Amber Leeson – Lectureship in Data Science
The main attraction of this post for me was the opportunity to join a new Institute and be involved at the embryonic stage. It also appealed to me that this was a full time, permanent position. I had originally been searching for jobs in Yorkshire, which illustrates the attraction of the opportunity to opt to move to an alternative location!
Prior to commencing the lectureship, I was keen to develop myself as a more independent researcher. The role is unique to Lancaster – no one else does what I do – which gives me the autonomy to grow and develop the role myself. I also have the freedom and time to apply for funding and access PhD students. Some of my funding applications have been successful and it is looking as though I may have up to 3 PhD students on board. This means I will soon be bringing in income, which is very satisfying and wouldn’t have been achieved if I had teaching to do as well. I am confident that I will be able to use this opportunity to further develop my research capacity and build my PhD group.
I have found my experience at Lancaster very positive – the University is very supportive, very collegiate and I have been made to feel welcome. I would encourage others considering the scheme to “Go for it!”
Summing the experience up in 3 words - Busy, collegiate and flexible.
Luigi Sedda – Lectureship in Spatial Epidemiology
Initially I was attracted to the prospect of working with a world class research group in a top UK university. Since commencing on the scheme, I have been very satisfied by the support of HR, Department and group-leader. The training plan is coherent with my future expectations. The two protection year’s policy is a great occasion for applying for grant and/or established connections within and outside the University.
So far, I have been able to increase my network and to focus on collaborations for potential projects. The initial training sessions helped me in designing activities towards impact.
My initial feeling it is that Lancaster University is definitively one of the best places to grow and to aspire for the top academic positions, due to its support and friendly environment.
If you are thinking about applying, I would encourage to you to take it seriously into consideration, the University is a top university for research and teaching and Lancaster is a beautiful little town, ideal to grow a family: good schools and surrounded by stunning national parks and areas of outstanding beauty.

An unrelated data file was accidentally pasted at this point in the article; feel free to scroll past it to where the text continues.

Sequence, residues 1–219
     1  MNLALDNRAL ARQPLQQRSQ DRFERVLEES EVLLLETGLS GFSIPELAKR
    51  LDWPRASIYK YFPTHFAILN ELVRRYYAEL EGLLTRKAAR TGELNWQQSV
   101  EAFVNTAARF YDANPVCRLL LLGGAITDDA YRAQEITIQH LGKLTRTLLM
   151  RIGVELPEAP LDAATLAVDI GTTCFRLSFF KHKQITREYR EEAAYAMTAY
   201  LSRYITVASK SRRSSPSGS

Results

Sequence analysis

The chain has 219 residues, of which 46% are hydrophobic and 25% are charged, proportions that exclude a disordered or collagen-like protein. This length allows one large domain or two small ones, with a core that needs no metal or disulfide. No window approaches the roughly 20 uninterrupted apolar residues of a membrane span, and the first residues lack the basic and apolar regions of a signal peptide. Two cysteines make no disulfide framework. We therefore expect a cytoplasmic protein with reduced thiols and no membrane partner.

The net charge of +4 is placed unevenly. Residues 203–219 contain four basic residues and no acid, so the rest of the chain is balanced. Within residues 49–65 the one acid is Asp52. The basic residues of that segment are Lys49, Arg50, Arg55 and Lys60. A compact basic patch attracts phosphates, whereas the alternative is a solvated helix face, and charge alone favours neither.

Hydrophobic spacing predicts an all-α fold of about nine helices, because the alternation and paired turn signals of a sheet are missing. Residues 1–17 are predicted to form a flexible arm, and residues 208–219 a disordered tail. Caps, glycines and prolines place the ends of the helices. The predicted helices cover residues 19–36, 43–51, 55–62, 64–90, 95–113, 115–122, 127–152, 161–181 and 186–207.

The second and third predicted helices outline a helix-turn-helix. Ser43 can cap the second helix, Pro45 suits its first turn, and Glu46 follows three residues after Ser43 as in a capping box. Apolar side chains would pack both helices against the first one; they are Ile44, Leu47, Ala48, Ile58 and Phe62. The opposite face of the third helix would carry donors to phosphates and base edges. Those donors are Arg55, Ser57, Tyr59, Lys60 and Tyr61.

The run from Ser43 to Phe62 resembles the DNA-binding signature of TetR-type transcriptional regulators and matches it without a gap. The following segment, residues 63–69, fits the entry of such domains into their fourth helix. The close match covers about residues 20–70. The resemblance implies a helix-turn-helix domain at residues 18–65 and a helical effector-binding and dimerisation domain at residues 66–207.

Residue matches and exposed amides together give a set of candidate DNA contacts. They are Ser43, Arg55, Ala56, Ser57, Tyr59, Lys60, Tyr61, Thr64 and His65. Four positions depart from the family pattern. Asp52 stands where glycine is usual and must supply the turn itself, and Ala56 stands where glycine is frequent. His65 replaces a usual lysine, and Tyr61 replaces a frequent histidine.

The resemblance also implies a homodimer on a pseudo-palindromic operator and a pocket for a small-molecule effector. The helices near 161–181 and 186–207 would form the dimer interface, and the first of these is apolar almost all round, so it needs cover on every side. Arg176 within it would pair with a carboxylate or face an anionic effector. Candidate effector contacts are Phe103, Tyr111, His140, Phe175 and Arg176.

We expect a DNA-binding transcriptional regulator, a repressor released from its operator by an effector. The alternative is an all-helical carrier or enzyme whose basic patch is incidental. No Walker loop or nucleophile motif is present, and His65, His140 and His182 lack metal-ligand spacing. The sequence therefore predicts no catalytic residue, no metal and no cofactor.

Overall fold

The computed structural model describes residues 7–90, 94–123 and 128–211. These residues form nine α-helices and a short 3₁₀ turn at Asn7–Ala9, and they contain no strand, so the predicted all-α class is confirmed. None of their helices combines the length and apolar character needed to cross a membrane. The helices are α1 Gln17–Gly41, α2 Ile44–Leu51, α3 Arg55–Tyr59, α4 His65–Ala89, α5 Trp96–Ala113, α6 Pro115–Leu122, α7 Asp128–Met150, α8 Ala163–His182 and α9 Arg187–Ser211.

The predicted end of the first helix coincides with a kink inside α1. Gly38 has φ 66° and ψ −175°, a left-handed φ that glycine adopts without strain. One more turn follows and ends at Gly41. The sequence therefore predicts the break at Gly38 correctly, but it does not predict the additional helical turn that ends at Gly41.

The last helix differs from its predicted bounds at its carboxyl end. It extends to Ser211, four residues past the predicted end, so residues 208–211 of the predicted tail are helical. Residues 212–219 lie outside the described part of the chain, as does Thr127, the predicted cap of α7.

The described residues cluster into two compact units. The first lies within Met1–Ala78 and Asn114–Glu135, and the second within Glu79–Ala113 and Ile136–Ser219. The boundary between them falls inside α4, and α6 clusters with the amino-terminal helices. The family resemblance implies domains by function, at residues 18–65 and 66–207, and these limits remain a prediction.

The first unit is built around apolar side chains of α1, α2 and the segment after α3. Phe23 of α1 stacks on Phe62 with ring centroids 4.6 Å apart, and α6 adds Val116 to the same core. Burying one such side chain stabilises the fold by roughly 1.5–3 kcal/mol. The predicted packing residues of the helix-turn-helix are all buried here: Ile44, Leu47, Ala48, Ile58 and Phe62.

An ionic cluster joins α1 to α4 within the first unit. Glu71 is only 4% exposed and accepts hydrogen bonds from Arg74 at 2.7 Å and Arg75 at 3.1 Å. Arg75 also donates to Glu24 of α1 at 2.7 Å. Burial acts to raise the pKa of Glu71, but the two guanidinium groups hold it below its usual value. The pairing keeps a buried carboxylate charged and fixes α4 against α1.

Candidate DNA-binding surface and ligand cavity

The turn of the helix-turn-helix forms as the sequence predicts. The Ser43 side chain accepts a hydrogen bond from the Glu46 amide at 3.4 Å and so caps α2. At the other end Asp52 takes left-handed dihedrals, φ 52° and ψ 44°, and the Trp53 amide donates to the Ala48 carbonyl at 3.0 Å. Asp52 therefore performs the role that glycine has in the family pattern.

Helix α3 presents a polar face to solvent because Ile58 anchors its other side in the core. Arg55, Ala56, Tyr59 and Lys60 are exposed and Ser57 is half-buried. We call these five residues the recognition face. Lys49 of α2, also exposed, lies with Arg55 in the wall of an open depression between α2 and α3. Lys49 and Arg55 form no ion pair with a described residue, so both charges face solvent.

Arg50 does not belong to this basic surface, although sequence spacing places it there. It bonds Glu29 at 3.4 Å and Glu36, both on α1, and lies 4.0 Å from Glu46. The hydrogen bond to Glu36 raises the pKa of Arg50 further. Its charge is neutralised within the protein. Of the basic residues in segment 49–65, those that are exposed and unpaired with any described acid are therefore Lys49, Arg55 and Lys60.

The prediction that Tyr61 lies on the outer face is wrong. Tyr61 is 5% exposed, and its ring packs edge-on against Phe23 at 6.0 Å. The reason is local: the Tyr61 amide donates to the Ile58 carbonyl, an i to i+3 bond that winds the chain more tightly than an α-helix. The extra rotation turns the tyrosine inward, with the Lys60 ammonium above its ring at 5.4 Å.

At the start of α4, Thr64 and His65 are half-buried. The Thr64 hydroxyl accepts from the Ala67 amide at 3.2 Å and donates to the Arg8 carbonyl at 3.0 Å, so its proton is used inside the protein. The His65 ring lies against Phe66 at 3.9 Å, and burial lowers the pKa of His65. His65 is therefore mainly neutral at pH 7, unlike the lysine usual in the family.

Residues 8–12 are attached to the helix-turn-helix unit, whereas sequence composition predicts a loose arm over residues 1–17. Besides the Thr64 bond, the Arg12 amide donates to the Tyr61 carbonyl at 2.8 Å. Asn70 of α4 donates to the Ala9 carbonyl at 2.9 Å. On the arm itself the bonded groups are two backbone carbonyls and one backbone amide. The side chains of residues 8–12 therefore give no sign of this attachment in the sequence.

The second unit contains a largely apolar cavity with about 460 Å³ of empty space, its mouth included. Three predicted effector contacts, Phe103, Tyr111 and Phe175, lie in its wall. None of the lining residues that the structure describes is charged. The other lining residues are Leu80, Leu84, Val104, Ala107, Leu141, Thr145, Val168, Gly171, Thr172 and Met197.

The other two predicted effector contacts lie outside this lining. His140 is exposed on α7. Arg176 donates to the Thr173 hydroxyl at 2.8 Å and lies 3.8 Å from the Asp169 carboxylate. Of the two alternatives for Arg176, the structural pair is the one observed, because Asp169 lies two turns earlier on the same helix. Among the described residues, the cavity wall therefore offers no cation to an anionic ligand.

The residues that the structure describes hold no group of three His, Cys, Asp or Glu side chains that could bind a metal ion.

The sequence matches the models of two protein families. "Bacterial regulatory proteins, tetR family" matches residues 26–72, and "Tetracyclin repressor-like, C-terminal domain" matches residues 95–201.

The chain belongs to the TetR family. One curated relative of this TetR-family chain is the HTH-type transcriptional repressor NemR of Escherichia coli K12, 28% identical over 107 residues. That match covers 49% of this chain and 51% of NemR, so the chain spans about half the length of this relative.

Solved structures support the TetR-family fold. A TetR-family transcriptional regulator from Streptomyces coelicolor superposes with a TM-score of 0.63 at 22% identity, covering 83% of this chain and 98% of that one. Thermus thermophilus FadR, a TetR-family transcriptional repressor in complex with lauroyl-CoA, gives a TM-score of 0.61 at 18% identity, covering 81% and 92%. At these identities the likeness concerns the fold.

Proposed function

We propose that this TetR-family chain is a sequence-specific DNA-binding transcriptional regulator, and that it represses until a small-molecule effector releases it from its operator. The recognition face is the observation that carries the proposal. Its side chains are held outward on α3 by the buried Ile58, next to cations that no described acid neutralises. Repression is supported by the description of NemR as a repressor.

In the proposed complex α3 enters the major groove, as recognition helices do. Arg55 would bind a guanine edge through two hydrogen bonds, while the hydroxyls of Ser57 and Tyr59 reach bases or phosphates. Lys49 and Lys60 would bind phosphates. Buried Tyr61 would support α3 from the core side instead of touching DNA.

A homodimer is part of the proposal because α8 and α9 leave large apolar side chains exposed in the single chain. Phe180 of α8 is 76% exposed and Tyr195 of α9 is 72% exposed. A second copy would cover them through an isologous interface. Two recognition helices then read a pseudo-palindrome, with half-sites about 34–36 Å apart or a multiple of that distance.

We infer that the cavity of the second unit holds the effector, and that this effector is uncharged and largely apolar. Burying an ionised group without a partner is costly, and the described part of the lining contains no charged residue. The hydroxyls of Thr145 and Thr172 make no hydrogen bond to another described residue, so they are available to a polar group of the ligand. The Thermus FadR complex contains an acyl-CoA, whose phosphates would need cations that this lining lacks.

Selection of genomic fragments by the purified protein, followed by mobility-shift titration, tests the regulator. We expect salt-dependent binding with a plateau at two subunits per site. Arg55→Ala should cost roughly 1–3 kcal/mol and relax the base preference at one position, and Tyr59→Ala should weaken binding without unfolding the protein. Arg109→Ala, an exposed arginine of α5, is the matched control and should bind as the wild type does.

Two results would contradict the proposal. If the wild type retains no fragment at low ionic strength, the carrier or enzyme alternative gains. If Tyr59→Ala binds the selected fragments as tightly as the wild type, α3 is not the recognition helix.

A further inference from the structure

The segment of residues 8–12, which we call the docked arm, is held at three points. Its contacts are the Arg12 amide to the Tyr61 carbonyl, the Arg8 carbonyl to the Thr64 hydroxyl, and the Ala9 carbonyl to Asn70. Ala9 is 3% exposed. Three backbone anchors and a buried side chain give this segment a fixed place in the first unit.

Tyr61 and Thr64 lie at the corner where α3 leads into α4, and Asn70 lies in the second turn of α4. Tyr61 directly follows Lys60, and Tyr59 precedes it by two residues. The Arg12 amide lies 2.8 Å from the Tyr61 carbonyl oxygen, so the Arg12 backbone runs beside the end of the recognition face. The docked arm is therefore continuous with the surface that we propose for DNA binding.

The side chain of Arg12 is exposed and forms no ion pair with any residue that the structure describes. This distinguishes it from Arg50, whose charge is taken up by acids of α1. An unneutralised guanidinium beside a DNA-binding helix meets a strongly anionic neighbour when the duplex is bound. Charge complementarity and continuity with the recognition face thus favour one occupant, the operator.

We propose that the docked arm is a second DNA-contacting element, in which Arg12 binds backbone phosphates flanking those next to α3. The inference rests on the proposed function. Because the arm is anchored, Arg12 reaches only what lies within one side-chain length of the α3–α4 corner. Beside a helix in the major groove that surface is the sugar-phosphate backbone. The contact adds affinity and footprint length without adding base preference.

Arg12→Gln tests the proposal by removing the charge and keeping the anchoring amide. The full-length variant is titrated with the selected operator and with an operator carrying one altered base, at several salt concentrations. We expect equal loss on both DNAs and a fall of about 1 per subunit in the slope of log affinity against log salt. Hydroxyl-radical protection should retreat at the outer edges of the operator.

Summing the experience up in 3 words - Welcoming, exciting and inspirational.
Sarah Marsden – Lectureship in Department of Politics, Philosophy and Religion
The initial attraction of the scheme for me was the opportunity to work at a forward looking, ambitious university that is committed to the kinds of research I’m most passionate about, that is, work that’s interdisciplinary, engaged with ‘real world’ issues, innovative, and progressive.
The 50th anniversary scheme’s commitment to early career academics was also important, in particular, being able to spend two years concentrating on developing my research before taking on a full teaching load was extremely attractive.
My feeling at first was that Lancaster would provide the opportunity for me to pursue an ambitious research agenda, the support to achieve my potential, and the platform to engage with questions of ‘real world’ importance. So far, those expectations have been met. There is pressure to achieve, but also the support to realise my goals.
The anniversary lectureship represents the first major step in my career, the chance to spend two years focusing on research and writing is invaluable and one which I hope will act as both a springboard and solid foundation for a career committed to pursuing rigorous, innovative research and high quality teaching.
If you are thinking about this scheme, I would say “Absolutely go for it!” The anniversary lectureships are a terrific opportunity to work in a supportive, ambitious and dynamic university.
Summing the experience up in 3 words - Exciting, challenging, inspiring.
Carlos Lopez-Galviz – Lectureship in the Theories and Methods of Social Futures
The close resemblance between the theme of the post (social futures) and one of the key strands of my recent work (past futures) was the initial attraction for me, along with the uniqueness of the scheme and appointment arrangements.
My appointment is closely related to one of University’s new institutes, namely, the Institute for Social Futures, so I expected openness and the chance to contribute to shaping the new institute, both of which have been met, most certainly.
I am part of a great group of colleagues shaping the new ISF. We all come from different backgrounds and have different interests, drawing on several disciplines, including sociology, linguistics and literature, politics and international relations, computer science, design, and history. This makes our discussions both stimulating and challenging. By now I have a good sense of key responsibilities which include setting up a new MA/MSc, being joint editor of a new journal, supervising PhD students and working collaboratively with colleagues in joint projects and grant applications.
Having spent a few months in the job, I can safely say that the scheme is a unique springboard. I feel very lucky and privileged for the range of options and support that the scheme is giving me. Not only can I concentrate on my research, but also I’m able to explore connections and initiatives, within the University and beyond, that feed into new exciting avenues related to my own work.
Summing the experience up in 3 words - Stimulating, challenging and rewarding.